Washington State

House of Representatives

Office of Program Research



Government Operations & Elections Committee

HJM 4001

This analysis was prepared by non-partisan legislative staff for the use of legislative members in their deliberations. This analysis is not a part of the legislation nor does it constitute a statement of legislative intent.

Brief Description: Requesting an amendment to the United States Constitution to return the authority to regulate election campaign contributions to congress and state legislatures.

Sponsors: Representatives Pedersen, Hope, Carlyle, Goodman, Kagi, Sells, Van De Wege, Haigh, Springer, Lytton, Tharinger, Jinkins, Hunt, Cody, Morrell, Ormsby, Hudgins, Pettigrew, Moeller, Upthegrove, Reykdal, Fitzgibbon, Ryu, Liias, Roberts, Maxwell, Sawyer, Riccelli, Farrell, Pollet, Moscoso, Santos and Hansen.

Brief Summary of Bill

  • Requests that Congress pass and send to the states for ratification a constitutional amendment returning the authority to regulate campaign financing to Congress and state legislatures.

Hearing Date: 2/13/13

Staff: Jasmine Vasavada (786-7301).


Over the past three decades, the Supreme Court of the United State (Supreme Court) has struck down several congressional campaign finance reform efforts on First Amendment grounds.

In 1974, Congress amended the Federal Election Campaign Act of 1971 to limit the amount of money any individual could contribute to a political campaign, and to require public disclosure of all contributions over a certain amount.  In the case of Buckley v. Valeo, the Supreme Court upheld disclosure requirements and restrictions on individual contributions, but ruled that the government cannot cap the amount of personal money that an individual can spend on his or her own campaign.

In the following decades, donations of “soft money” were increasingly used to circumvent campaign finance regulations—donations made not to a clearly identified candidate but instead to political parties for party building activities or issue advertisements.  Congress ultimately passed a bipartisan Campaign Reform Act of 2002, often referred to as “McCain-Feingold” after its prime sponsors, which prohibited national political parties from spending soft money, prohibited groups associated with corporations and unions from spending money to advocate for or against candidates just before elections, and required candidates to appear in their advertisements and directly take credit for them.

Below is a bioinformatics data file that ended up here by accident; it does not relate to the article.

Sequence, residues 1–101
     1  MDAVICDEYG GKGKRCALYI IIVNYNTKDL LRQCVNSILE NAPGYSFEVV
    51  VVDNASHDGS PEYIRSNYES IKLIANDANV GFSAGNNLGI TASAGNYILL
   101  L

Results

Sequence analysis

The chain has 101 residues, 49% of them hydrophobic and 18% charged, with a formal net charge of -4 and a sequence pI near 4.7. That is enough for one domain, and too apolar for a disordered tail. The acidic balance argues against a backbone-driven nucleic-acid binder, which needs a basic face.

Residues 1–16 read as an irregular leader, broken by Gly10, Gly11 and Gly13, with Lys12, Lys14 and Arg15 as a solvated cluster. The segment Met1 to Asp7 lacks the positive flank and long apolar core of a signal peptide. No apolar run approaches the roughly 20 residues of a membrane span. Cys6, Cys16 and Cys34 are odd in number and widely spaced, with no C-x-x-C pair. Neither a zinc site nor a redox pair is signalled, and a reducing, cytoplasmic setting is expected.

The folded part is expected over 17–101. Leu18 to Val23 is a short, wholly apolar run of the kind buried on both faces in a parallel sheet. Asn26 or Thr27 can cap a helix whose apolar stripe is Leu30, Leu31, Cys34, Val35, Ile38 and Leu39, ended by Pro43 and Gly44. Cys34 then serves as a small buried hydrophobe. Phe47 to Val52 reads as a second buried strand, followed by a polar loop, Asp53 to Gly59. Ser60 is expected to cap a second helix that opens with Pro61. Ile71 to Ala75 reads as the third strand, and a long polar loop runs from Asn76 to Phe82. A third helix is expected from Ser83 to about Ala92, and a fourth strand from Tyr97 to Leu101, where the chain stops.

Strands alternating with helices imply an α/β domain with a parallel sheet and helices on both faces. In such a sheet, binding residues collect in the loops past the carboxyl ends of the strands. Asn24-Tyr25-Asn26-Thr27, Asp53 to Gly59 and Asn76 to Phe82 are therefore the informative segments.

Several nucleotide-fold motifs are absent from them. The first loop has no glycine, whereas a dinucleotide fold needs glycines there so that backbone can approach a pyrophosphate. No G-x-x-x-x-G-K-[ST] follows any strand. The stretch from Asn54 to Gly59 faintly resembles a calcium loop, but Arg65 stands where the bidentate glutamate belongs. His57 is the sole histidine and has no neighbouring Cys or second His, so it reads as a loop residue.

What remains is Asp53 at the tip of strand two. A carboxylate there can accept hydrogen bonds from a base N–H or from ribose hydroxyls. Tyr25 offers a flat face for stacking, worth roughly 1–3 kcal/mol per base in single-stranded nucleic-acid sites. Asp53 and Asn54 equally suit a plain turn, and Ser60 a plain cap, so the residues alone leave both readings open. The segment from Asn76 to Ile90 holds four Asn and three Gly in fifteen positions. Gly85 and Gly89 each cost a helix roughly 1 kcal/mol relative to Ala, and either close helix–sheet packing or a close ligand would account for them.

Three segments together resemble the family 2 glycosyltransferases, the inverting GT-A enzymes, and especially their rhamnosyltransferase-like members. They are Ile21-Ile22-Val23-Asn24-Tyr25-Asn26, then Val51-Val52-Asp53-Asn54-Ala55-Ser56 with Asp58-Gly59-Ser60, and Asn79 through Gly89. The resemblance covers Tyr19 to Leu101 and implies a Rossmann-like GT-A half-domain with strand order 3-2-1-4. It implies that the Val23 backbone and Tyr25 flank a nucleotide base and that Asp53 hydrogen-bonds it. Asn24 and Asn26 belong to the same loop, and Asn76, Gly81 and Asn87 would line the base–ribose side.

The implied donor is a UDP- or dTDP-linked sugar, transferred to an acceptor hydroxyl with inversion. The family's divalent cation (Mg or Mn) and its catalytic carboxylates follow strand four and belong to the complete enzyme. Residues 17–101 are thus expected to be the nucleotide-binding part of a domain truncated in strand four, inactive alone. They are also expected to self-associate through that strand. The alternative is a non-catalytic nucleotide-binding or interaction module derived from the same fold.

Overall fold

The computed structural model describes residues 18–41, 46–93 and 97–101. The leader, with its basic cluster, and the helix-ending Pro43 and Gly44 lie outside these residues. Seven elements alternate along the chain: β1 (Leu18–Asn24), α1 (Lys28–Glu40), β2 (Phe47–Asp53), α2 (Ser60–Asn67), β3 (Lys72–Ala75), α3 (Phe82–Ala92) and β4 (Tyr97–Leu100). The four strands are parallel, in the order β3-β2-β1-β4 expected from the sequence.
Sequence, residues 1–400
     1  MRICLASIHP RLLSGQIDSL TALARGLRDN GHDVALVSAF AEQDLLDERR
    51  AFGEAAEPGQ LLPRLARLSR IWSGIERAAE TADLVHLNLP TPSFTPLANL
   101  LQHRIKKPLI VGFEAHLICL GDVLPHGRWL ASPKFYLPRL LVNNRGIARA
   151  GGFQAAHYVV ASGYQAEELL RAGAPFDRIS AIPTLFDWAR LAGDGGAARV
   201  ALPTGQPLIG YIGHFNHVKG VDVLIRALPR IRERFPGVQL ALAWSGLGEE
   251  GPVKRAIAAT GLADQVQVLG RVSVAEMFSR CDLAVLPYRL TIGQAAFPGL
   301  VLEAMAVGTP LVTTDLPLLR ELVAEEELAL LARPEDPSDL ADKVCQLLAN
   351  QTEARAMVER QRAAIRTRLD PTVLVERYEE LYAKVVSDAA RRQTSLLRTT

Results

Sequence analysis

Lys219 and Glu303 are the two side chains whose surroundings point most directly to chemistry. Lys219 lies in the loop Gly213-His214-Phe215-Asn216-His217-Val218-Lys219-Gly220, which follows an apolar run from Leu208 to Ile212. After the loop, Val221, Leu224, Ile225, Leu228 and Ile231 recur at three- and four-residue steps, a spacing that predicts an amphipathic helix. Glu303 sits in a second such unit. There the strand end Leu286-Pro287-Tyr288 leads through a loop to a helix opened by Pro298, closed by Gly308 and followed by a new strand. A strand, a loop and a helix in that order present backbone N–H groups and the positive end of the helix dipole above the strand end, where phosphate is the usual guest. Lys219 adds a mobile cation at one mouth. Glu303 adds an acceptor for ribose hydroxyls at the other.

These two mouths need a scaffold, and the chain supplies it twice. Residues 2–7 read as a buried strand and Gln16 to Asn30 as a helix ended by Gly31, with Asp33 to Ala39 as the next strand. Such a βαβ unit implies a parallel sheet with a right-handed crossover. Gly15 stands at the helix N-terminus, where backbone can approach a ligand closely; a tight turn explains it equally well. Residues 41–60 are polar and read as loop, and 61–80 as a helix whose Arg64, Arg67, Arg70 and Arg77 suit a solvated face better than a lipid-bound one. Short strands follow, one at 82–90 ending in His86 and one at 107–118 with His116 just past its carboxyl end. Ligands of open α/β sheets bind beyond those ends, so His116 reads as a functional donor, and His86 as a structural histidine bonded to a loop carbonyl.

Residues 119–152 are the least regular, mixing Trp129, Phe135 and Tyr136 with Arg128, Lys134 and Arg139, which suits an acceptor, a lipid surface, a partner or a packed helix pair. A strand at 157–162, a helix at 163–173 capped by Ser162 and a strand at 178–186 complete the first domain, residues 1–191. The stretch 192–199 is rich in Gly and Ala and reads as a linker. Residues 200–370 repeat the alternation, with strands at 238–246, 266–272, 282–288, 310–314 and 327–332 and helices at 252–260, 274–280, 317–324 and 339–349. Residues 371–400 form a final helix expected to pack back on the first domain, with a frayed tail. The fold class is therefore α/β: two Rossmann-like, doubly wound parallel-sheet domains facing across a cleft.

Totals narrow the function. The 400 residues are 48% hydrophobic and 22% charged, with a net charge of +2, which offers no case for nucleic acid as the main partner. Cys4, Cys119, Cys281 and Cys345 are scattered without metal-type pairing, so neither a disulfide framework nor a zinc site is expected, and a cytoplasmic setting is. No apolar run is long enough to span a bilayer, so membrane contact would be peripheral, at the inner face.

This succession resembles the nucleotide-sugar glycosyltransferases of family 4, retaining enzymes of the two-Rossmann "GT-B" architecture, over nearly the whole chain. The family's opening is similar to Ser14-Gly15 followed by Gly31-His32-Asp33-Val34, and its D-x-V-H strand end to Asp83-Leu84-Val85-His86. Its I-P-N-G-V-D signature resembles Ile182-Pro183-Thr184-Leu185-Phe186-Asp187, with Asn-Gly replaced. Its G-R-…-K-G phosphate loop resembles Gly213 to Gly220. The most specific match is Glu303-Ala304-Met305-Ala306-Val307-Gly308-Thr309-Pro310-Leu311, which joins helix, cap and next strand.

In 2010, in Citizens United v. the FEC, the Supreme Court struck down large portions of this law.  As a result, corporations and labor organizations are no longer subject to bans on independent spending and the use of general treasury funds for federal campaign advertising. Ultimately, court decisions leading up to and in the wake of Citizens United have led to the practice in which groups can contribute an unlimited amount of money to an outside group, a "super PAC" (super Political Action Committee) to run ads on their behalf.  These groups are still restricted from coordinating with campaigns, and are still limited in their ability to donate to campaigns directly, but they may otherwise spend unlimited funds to advocate their agendas.

While the Citizens United ruling did not directly affect existing state laws, the National Conference of State Legislatures reports that many states with laws limiting corporate and union spending in statewide campaigns responded to the ruling by repealing independent expenditure bans, either through legislative action or through a ruling by the Attorney General, Secretary of State, Elections Board, or Ethics Commission.

Summary of Bill:

The Legislature requests that Congress pass and send to the states for ratification a constitutional amendment returning the authority to regulate campaign financing to Congress and state legislatures.

Appropriation: None.

Fiscal Note: Not requested.